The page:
Feb 6, 2013 11:00pm EST
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Feb 7, 2013 3:00am EST
cognizant technology. >> oh, i like that. i like it a lot, but you know what? i saw an opportunity today, bill mcdermott's s.a.p. he's co-ceo, down from $83.60 to $80. pull the trigger, buy some s.a.p. let's go to bob in nebraska. bob? >> caller: jim, husker big red boo-yah to ya. >> nice. >> caller: i'm wondering about your position on lockheed martin. >> i like lockheed martin. i almost called him my friend, this show is not about friends, dave cote, my neighbor, did say earlier today, the honeywell ceo would rather see automatic u.s. spending cuts than nothing. that would hurt lockheed martin. i do like the stock. let's go to richard in iowa. richard? >> caller: yeah. >> go ahead, richard. >> caller: how are you doing today? >> couldn't be better. how about you? >> caller: oh, just fine. i'd like to know a little bit more about zoetis. >> animal health, pfizer spinoff. we like pfizer, we like zoetis. by the way, let me throw in i like boise cascade, saw those guys this morning. hard-working people. let's go to gary in new york. gary? >> caller: what up, jim, bringing you a big o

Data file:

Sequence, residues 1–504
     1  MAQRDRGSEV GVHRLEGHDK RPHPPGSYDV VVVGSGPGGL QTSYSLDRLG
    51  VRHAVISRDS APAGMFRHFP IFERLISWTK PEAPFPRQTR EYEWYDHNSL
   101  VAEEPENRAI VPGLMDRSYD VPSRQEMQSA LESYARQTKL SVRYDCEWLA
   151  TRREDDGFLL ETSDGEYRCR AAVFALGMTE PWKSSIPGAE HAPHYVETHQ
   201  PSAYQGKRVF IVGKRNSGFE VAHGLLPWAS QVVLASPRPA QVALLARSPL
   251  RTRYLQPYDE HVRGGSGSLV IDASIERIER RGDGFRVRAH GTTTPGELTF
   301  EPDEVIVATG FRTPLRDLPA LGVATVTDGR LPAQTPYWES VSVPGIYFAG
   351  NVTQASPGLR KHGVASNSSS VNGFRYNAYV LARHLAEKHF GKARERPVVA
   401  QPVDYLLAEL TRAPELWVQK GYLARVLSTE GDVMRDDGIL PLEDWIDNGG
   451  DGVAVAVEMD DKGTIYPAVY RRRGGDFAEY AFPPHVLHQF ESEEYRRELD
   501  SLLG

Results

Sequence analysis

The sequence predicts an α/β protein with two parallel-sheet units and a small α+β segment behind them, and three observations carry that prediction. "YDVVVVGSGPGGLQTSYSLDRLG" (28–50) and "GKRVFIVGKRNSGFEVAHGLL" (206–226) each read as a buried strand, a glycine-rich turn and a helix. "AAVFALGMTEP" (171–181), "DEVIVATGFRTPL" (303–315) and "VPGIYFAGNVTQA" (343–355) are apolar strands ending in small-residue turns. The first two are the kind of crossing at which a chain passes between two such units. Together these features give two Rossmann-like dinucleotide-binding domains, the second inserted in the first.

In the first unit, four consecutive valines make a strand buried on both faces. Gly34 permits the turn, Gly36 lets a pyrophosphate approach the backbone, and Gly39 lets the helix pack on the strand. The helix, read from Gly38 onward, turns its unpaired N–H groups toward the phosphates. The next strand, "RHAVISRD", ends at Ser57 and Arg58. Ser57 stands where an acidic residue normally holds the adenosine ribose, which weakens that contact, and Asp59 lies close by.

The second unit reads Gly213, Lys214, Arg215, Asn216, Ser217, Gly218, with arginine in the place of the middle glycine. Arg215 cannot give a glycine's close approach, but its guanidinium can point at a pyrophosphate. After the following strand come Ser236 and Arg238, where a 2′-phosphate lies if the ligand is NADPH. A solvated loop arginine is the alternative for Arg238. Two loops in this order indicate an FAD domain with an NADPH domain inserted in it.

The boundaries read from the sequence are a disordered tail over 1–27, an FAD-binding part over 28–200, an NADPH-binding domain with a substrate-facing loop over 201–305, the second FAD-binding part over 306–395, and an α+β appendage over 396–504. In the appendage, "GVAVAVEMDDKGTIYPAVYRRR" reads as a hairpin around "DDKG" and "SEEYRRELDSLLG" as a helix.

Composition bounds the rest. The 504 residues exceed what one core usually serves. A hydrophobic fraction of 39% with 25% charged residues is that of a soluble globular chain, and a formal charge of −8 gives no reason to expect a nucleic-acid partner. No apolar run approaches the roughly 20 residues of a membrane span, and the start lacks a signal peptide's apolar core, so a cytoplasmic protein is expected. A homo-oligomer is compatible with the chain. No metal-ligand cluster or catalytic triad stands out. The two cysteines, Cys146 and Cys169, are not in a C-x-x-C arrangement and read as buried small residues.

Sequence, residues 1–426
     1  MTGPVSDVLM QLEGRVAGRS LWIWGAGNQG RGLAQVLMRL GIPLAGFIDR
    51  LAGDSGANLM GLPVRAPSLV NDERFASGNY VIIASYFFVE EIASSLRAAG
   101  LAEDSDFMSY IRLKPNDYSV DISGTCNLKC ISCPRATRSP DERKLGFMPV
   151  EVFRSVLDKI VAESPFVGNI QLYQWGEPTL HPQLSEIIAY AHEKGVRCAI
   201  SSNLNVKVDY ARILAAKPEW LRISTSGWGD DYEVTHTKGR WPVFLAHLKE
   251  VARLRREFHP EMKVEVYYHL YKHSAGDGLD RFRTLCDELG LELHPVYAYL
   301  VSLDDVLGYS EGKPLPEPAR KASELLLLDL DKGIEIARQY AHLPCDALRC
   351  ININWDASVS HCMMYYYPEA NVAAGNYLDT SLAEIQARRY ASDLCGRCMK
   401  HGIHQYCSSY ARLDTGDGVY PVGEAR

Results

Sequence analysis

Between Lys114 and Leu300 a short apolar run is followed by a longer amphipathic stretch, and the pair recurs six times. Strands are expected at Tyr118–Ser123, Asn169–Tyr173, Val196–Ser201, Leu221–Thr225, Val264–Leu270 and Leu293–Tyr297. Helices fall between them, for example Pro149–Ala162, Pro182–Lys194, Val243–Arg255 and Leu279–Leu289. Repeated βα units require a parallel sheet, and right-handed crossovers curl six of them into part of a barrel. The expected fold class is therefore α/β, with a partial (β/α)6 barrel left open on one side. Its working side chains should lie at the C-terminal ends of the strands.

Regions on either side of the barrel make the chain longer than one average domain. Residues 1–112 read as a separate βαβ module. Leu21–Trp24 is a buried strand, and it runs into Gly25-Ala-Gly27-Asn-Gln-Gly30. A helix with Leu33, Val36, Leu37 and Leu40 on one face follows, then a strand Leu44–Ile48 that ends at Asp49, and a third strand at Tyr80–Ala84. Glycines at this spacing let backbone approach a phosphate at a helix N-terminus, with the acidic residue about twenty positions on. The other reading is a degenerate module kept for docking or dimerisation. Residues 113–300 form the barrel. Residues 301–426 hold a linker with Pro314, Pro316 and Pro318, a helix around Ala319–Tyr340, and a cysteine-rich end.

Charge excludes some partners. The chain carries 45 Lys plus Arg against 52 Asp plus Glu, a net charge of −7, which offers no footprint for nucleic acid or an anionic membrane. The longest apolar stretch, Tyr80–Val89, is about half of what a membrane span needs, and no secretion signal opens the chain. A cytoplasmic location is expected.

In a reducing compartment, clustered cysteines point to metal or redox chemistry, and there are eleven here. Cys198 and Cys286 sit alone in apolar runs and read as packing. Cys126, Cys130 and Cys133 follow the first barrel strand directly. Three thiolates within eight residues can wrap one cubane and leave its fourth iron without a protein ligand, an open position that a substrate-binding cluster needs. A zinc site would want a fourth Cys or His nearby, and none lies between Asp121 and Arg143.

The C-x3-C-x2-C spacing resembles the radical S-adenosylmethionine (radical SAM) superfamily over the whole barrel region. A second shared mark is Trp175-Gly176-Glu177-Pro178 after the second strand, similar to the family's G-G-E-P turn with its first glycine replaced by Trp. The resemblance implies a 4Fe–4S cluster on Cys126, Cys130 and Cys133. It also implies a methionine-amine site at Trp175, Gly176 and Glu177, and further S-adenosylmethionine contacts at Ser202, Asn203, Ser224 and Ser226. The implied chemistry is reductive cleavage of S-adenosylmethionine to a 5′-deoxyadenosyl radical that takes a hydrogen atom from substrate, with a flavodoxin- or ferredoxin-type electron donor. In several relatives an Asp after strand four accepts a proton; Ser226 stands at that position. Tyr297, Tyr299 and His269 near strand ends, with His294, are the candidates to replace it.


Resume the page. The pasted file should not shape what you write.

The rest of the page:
Search Results 0 to 49 of about 52 (some duplicates have been removed)